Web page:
Jefferson v. United States

Annotate this Case

474 A.2d 147 (1984)

Charles JEFFERSON, Appellant, v. UNITED STATES, Appellee.

Nos. 82-807, 83-642.

District of Columbia Court of Appeals.

Argued February 16, 1984.

Decided March 28, 1984.

*148 Marie A. Fitzgerald, appointed by this court, Washington, D.C., for appellant.

Natalia M. Combs, Asst. U.S. Atty., Washington, D.C., with whom Stanley S. Harris, U.S. Atty., Washington, D.C., at the time the brief was filed, Michael W. Farrell, Thomas J. Tourish, Jr., and Susan R. Holmes, Asst. U.S. Attys., Washington, D.C., were on the brief, for appellee.

Before NEBEKER and FERREN, Associate Judges, and REILLY, Chief Judge, Retired.

NEBEKER, Associate Judge:

Appellant was convicted by a jury of robbery, D.C.Code § 22-2901 (1981), and was sentenced to a term of three to nine years. After filing his direct appeal, he sought collateral attack under D.C.Code § 23-110 (1981). Before us now is a consolidated appeal encompassing appellant's assignment of errors in his direct appeal: a prejudicial remark by the trial court; a failure to instruct the jury, sua sponte, on the limited use of a prior inconsistent statement; a misstatement of the law by the government during its closing argument, and in his collateral attack: ineffective assistance of counsel. We perceive no reversible error and, accordingly, affirm.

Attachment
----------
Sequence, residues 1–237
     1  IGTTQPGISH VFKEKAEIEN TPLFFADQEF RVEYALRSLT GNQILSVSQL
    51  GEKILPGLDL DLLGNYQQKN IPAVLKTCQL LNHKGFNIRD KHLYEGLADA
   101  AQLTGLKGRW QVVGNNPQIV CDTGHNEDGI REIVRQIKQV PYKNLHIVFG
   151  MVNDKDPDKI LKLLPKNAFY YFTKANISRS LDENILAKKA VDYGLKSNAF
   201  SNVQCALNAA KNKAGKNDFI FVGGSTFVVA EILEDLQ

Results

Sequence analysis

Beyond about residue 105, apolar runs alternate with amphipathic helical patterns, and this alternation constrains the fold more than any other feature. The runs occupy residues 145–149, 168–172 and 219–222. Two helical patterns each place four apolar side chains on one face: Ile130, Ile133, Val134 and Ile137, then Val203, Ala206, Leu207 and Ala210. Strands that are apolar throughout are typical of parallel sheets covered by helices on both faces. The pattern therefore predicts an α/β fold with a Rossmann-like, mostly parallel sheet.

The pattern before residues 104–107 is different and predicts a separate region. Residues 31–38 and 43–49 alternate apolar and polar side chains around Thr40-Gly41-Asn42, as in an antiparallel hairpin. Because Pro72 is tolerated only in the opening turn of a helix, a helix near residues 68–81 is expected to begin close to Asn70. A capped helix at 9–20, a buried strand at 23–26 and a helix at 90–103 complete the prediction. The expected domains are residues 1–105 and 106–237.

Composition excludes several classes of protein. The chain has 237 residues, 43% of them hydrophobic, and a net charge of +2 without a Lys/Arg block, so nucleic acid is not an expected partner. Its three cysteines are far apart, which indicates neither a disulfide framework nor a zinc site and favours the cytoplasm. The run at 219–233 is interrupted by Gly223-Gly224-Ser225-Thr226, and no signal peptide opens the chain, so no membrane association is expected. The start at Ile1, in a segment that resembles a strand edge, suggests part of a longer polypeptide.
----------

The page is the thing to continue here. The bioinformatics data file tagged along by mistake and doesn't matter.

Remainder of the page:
Shortly after dark on August 20, 1981, an undercover police operation was underway in the 700 block of 11th Street, N.W. One decoy officer, posing as an elderly citizen, was leaning in a doorway; in a rear pocket he had a wallet containing two one dollar bills. Several other police were stationed variously in the immediate vicinity, monitoring the decoy. Shortly after the decoy positioned himself in the doorway he was approached by a man, later identified as the appellant, and a woman. After a momentary discussion between the appellant and his companion, unanimous police testimony has the appellant reaching into the decoy's rear pocket and lifting out the wallet. Appellant then proceeded northbound, was approached by members of an arrest team and was apprehended. After receiving and waiving his Miranda rights, Miranda v. Arizona, 384 U.S. 436, 86 S. Ct. 1602, 16 L. Ed. 2d 694 (1966), appellant admitted committing the robbery.